Just think of all the ridiculous predictions about technology so far…how recently they were made…and how quickly they were blown out of the water.

Personal computers?
Cell Phones?

Your examples are all semiconductors. Yes they have developed really quickly but other things haven’t. Where are the flying cars? In AI historically things have progressed much slower than expected.

True. Cars are not computers or iphones, though they have them in them. It’s not going to happen overnight. Also there will some resistance, you can have my ice when you pry my cold, dead, fingers off the steering wheel.

I was trying to figure out the wording half way thru reading this article. You nailed my thoughts exactly!

Re-read , Skip the “ice” part.

Yes I would say it with that twist too. “You will get my EV steering wheel from my cold death hands”.

Although one never knows.

Right. I was just trying to demonstrate a certain type of person, who will never change, no matter how much you show them they are wrong. Clinging to the past sort of thing.

I was paraphrasing Charlton Heston at the NRA on the fundamental right to have guns. Not that I particularly want guns but I want my steering wheel.

Excellent point. Processing speed, memory, disk, and data comm have all been improving at amazingly steady rates since the 1950s. All the amazing inventions – including the smart phone which no Sci-Fi writer predicted – came about because of these areas. But so many other predictions fell flat. Teleportation. Rocket-based travel. Space colonization. Fully autonomous robots. The last really hits at the problem. Consider computer-driven airplane piloting. As long ago as the 1970s it was thought that human pilots were all but obsolete. And it’s been true since the 1970s that for 99+% of flight situations a computer can handle everything just fine. The problem has always been that last < 1% – the crisis. Air travel safety metrics are now amazing – crashes are extremely rare compared to, say, the 1970s, and a large part of this is flight management by computers. However, the other part has been having human pilots there to deal with the exception situation. And this is also the problem with fully autonomous cars. At some point soon – maybe even now – autonomous cars will be far safer and less likely to crash in 99% of situations, but for the last 1% human drivers… Read more »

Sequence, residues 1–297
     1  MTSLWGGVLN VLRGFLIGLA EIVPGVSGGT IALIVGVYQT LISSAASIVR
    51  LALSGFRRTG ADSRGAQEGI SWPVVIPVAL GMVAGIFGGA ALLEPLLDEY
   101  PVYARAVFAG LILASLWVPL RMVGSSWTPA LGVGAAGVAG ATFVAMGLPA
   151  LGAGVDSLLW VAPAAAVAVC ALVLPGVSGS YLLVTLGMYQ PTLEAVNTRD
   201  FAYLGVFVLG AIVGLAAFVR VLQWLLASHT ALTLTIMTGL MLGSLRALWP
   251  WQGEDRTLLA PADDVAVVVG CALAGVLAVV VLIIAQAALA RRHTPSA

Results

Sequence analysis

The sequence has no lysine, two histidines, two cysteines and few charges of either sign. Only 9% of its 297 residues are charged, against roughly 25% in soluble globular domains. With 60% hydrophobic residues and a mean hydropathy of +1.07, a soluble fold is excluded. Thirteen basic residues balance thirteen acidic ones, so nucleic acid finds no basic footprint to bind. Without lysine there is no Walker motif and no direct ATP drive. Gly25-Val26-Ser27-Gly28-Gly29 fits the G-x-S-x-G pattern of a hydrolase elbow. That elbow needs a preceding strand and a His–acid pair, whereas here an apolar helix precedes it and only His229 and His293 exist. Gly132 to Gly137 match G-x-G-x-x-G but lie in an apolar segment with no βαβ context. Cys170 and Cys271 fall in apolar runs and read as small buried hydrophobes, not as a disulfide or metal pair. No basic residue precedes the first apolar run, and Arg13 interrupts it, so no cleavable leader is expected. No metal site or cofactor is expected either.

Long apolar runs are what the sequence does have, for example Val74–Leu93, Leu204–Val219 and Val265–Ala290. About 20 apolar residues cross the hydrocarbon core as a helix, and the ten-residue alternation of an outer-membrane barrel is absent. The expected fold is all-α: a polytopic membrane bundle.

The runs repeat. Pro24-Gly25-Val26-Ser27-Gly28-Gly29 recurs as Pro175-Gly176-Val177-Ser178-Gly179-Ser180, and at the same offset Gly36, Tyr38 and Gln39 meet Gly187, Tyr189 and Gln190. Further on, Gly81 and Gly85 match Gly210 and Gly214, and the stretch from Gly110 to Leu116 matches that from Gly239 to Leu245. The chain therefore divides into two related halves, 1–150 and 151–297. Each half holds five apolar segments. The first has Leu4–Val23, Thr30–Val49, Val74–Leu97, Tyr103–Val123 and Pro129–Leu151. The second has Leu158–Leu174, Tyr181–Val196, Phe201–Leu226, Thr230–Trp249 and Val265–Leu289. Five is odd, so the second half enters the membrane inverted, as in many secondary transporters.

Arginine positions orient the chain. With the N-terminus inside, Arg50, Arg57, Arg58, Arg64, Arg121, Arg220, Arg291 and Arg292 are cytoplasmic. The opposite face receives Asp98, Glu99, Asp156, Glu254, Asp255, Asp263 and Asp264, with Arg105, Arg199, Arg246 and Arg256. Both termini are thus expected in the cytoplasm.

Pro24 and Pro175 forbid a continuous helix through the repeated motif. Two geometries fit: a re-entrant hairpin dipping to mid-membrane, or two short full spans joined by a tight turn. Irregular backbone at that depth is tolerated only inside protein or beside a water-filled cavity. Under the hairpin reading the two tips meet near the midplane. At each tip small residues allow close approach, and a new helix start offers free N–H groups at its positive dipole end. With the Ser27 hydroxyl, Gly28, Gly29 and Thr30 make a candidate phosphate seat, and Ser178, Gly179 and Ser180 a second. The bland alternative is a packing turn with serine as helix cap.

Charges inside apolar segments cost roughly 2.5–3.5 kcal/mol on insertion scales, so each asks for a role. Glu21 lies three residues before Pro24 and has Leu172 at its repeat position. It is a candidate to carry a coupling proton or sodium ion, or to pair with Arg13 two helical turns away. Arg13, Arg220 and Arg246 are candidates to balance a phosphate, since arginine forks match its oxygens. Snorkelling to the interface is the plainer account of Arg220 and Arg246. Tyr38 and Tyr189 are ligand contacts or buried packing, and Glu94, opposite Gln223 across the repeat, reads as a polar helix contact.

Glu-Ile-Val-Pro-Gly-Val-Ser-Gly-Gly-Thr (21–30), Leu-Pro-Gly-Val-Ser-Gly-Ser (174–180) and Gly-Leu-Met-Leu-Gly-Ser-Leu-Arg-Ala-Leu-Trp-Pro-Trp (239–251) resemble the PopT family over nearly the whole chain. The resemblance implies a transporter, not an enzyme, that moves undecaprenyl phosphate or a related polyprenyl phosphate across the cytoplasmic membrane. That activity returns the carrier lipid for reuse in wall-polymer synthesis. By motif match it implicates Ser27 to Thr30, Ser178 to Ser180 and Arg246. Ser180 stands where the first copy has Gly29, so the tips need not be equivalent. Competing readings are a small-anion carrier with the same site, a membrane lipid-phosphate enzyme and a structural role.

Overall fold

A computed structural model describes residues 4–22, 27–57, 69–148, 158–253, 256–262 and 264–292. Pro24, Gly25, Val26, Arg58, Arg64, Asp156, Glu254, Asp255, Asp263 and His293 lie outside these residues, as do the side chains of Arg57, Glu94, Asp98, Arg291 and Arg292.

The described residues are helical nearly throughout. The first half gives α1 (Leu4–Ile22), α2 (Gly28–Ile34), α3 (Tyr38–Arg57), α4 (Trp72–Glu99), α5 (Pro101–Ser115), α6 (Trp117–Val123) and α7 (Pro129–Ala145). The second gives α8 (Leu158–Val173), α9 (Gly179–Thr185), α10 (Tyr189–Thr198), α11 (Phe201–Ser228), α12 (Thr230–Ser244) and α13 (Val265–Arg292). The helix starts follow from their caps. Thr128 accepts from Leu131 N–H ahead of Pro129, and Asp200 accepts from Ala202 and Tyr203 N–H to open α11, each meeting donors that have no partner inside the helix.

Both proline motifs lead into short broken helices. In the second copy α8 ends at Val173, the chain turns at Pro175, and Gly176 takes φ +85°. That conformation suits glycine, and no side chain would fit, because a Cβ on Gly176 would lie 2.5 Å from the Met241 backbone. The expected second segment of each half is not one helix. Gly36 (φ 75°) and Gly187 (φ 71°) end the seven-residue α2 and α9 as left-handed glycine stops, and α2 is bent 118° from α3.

That cuts both ways.

There have been plenty of ridiculous claims that were, in fact, ridiculous. People have been experimenting with AI since Alan Touring, and it has been a slog.

Here is the truth: Today, nobody has a true 100%, full capability autonomous car, even as a prototype.

What we have are cars that under very good conditions, such as well-marked, good weather California roads, can handle 90% or 95% of driving, as measured by miles. But that remaining 5%, or even 1%, is really, really hard. And most of the world does not look like California. There are places with snow and terrible visibility. Sun at low angles a lot of the year. Lane markings routinely erased to near invisibility by winter. Narrow lanes with no markings at all, or dirt roads with zig-zagging tracks.

This is why there will be manual mode cars for decades to come.

A snow storm, fog, sun and complete darkness are not a problem for modern sensors. There are other ways to detect and stabilize the car than lane markings(GPS, analysis of the objects around… etc. Any kind of slippery roads can be instantly detected by traction control and dealt with by the computer.
Unlike other inventions, it’s not a question of developing a new technology or finding new properties, it’s only a question of software algorithms and analysis.
As long as there is sufficient real time CPU power, it’s only a matter of programming by smart enough people and self learning by the machines fed with millions and millions of bits of information.

But of course there will be ordinary driver-cars for a while and specialized uses for them.

FWIW I include myself in the crowd of disappointed persons loosing the controls and the fun to drive, but this trend will not be stopped. I predict 50% of the new cars will have the autonomous option in 10 years.

It can’t come soon enough, esp with the way I see idiots driving these days!

However, “soon” has to take into account those of you live in the “boonies”…. you know that place of relative low population density where they local stores still haven’t figured out how to have Apple Pay at the cash register.